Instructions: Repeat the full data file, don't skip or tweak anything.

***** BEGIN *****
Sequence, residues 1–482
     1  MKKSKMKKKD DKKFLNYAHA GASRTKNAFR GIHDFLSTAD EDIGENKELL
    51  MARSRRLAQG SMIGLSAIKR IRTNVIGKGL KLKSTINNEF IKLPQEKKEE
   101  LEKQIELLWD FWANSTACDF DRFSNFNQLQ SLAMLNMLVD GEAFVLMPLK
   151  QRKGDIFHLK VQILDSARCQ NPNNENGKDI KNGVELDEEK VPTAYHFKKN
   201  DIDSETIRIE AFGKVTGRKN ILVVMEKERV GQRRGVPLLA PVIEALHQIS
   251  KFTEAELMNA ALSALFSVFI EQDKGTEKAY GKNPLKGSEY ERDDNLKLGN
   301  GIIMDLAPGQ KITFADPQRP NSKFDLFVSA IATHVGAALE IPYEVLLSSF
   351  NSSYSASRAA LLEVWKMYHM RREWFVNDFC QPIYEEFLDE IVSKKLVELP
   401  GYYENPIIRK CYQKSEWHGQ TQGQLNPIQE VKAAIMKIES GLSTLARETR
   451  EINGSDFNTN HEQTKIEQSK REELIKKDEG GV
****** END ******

Sequence, residues 1–482
     1  MKKSKMKKKD DKKFLNYAHA GASRTKNAFR GIHDFLSTAD EDIGENKELL
    51  MARSRRLAQG SMIGLSAIKR IRTNVIGKGL KLKSTINNEF IKLPQEKKEE
   101  LEKQIELLWD FWANSTACDF DRFSNFNQLQ SLAMLNMLVD GEAFVLMPLK
   151  QRKGDIFHLK VQILDSARCQ NPNNENGKDI KNGVELDEEK VPTAYHFKKN
   201  DIDSETIRIE AFGKVTGRKN ILVVMEKERV GQRRGVPLLA PVIEALHQIS
   251  KFTEAELMNA ALSALFSVFI EQDKGTEKAY GKNPLKGSEY ERDDNLKLGN
   301  GIIMDLAPGQ KITFADPQRP NSKFDLFVSA IATHVGAALE IPYEVLLSSF
   351  NSSYSASRAA LLEVWKMYHM RREWFVNDFC QPIYEEFLDE IVSKKLVELP
   401  GYYENPIIRK CYQKSEWHGQ TQGQLNPIQE VKAAIMKIES GLSTLARETR
   451  EINGSDFNTN HEQTKIEQSK REELIKKDEG GV